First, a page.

The new Step-by-Step digital mental health intervention, developed by the World Health Organization (WHO) together with the National Mental Health Program (NMHP) of the Lebanese Ministry of Health and other partners, has been effective in reducing depression among Syrian refugees. in Lebanon, according to a study published in PLOS Medicine.
The study, a randomized controlled trial supported by Elrha’s Research for Health in Humanitarian Crises (R2HC), was conducted among Syrians suffering from depression and impaired functioning in Lebanon. People who underwent digital intervention under the remote guidance of trained non-specialist assistants were found to be significantly less depressed and function significantly better after the intervention compared to those who received extended conventional care in the control group. People who took Step-by-Step also showed improvements in symptoms of anxiety, post-traumatic stress, well-being and personal problems, with all improvements sustained after 3 months of follow-up. This study confirms the results of a parallel trial of the Step by Step program with Lebanese and other populations living in Lebanon, which showed similar positive results.
All 569 Syrian adults who took part in the trial, which ended in December 2020, were from Syria. The average age of the participants was 31.5 years. The majority (58.3%) were women and the majority were married (70.1%). Most of them had a primary (32.0%) or secondary education (36.7%), and the majority were unemployed (58.7%). Half of the participants received a WHO-guided Step-by-Step intervention delivered as a hybrid app for iOS, Android and web browsers, and half received only extended care as usual (consisting of basic psychological education and referral to evidence-based care) .
A format provided by trained non-specialist assistants in a digital environment.
Step-by-Step is a 5-session WHO digital intervention designed to treat depression using an internet connected device with weekly support (e.g. 15 minutes call or message) from trained non-specialist assistants. It provides psychoeducation and behavioral activation training (such as doing more pleasurable activities) through illustrated storytelling with additional therapeutic techniques such as stress management, gratitude exercise, positive self-talk, increased social support, and relapse prevention.
Step-by-Step includes 5 illustrated stories with audio recordings of the text to support accessibility. Each session is divided into 3 small parts, which on average take a total of 20 minutes. Each session opens 4 days after the completion of the previous session to allow the individual enough time to practice the skills and exercises they learned in the previous session. Users are advised to take 1 session (with all 3 parts) per week.
Potential to extend to other displaced populations with digital access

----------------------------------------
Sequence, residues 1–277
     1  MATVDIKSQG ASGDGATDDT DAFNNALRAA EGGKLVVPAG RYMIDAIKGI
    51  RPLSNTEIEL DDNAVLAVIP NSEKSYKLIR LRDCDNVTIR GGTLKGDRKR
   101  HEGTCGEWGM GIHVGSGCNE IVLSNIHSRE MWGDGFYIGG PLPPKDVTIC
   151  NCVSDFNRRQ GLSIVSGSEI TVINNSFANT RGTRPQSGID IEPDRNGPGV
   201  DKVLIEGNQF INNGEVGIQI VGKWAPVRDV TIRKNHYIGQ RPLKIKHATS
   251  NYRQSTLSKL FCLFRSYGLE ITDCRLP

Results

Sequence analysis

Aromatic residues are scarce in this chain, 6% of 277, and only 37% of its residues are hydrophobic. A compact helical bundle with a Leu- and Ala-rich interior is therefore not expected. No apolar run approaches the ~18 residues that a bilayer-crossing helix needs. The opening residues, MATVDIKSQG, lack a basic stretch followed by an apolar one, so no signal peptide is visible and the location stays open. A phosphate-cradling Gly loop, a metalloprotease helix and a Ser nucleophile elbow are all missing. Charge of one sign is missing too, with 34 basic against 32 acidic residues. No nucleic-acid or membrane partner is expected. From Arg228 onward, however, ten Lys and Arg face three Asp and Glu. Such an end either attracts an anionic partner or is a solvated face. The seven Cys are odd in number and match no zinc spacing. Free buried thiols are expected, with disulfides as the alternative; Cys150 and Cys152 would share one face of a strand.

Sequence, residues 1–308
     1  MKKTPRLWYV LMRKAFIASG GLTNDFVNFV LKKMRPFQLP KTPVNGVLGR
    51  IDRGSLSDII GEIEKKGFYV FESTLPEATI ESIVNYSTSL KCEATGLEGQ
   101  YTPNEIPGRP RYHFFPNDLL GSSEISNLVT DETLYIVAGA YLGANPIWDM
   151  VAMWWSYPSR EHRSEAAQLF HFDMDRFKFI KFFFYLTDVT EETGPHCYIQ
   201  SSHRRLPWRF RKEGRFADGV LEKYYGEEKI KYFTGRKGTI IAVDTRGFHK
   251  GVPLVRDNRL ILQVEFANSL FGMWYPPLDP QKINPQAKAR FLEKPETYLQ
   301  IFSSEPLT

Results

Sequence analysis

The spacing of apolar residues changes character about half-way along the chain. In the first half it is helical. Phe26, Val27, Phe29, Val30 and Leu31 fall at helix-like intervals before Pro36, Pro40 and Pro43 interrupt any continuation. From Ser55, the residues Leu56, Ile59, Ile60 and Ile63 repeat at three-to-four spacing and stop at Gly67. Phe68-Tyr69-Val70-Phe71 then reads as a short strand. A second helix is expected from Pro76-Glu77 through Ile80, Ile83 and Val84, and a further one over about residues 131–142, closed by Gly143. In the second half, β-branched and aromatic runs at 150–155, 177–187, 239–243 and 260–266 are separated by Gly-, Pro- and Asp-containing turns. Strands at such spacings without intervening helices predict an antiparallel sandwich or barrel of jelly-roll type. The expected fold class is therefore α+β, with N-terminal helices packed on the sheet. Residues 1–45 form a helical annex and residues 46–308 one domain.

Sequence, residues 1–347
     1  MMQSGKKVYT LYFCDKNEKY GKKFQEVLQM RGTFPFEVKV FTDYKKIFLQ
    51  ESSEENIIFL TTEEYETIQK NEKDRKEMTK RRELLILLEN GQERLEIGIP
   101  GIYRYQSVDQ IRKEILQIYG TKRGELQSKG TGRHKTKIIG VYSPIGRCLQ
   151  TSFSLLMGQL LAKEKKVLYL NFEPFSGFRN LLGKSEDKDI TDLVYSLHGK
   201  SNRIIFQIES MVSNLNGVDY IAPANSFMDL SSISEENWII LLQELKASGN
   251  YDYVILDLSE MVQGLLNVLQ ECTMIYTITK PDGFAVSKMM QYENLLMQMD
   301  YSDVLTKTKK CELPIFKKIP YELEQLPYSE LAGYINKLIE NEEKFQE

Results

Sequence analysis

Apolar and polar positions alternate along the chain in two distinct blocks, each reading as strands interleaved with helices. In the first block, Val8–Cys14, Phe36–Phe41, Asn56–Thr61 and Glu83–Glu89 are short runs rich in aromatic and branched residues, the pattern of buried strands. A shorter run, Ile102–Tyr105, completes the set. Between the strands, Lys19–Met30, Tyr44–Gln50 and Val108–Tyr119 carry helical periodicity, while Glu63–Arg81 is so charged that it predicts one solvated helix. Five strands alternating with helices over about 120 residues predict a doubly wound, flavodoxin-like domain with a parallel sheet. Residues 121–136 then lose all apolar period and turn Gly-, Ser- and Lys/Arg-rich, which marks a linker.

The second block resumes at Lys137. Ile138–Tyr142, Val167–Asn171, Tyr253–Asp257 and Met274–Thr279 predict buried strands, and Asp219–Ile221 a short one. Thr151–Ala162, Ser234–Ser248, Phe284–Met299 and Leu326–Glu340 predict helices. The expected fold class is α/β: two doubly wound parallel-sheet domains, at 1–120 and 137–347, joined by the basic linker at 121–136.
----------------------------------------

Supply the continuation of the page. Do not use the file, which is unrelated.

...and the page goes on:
Considering the impact observed in the study on depression, functional impairment, anxiety, post-traumatic stress disorder, subjective well-being and identified problems, and that the Step by Step program can be provided by trained non-professional helpers to displaced communities with access to digital technologies, test results show that the intervention can be part of an effective strategy to improve mental health among other displaced people who have access to digital technologies. Lebanon’s National Mental Health Program aims to scale up mental health care in line with the National Mental Health Strategy, but resources are limited. Based on these results and the results of a parallel trial conducted with Lebanese and other populations living in Lebanon, Lebanon’s National Mental Health Program expanded the intervention at the national level to be available to all adults in the country.
Substantial need for mental health support among refugees
Almost 6.8 million refugees. Lebanon, with a total population of about 7 million, currently has about 840 900 displaced Syrians. After fleeing for safety, displaced people continue to experience hardships, including unmet basic needs, language barriers, uncertainty about the future, social exclusion and discrimination. As a result, they are at risk for mental disorders such as depression, anxiety, and post-traumatic stress.
It has been estimated that 22% of displaced, war-affected Syrians in Lebanon suffer from moderate to severe depressive symptoms. While depression and other common mental disorders are the leading cause of disability, the vast majority of displaced people do not receive treatment. This is especially true in low- and middle-income countries, where only 1 in 27 people with depression are likely to receive evidence-based treatment, and where fewer than 1 in 1,000 displaced people seek help from health services for common mental disorders. . This study suggests that the Step by Step program can make a significant contribution to closing this treatment gap.